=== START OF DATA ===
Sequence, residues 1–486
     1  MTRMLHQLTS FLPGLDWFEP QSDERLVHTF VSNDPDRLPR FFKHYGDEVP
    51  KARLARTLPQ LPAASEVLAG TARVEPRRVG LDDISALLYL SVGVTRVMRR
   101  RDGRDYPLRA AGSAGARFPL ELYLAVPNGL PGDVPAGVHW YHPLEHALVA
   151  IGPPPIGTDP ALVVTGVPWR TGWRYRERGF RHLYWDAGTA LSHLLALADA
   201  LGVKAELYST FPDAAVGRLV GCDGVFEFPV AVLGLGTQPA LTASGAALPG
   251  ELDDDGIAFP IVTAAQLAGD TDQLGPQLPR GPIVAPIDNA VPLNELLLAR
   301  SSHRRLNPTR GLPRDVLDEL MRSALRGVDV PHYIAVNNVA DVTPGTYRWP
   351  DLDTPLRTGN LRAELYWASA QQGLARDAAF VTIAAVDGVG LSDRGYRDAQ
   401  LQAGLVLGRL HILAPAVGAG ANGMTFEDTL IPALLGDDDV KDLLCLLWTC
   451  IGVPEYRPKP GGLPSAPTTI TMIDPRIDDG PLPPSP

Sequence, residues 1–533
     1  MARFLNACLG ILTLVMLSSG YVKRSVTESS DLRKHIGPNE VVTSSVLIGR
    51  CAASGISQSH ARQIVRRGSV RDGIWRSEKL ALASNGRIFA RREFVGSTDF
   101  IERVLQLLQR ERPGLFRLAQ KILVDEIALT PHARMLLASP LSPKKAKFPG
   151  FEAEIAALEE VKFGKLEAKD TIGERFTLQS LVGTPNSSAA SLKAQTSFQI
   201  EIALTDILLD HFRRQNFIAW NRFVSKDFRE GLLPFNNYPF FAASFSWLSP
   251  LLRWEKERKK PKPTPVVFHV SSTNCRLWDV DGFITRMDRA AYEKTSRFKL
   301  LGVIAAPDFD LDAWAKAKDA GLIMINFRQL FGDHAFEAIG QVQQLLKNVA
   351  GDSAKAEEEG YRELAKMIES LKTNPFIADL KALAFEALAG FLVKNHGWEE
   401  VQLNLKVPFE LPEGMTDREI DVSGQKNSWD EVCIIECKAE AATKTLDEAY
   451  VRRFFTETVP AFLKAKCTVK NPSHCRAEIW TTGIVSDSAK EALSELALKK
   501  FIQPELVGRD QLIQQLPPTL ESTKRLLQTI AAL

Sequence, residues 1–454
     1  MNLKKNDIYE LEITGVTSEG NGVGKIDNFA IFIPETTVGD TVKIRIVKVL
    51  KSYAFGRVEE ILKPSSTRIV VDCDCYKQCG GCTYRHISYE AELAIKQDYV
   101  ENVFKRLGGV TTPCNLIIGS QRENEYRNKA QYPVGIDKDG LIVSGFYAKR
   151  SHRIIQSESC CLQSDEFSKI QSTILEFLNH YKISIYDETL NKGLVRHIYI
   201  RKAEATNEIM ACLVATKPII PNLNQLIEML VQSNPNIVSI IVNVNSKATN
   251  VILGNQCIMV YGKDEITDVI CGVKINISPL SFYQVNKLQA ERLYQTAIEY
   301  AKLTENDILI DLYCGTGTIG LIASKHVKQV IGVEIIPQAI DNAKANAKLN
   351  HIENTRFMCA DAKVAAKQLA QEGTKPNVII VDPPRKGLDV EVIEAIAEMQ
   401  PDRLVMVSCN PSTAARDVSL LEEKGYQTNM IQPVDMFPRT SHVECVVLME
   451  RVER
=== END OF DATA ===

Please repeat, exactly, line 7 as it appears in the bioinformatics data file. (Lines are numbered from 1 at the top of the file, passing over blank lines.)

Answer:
   251  ELDDDGIAFP IVTAAQLAGD TDQLGPQLPR GPIVAPIDNA VPLNELLLAR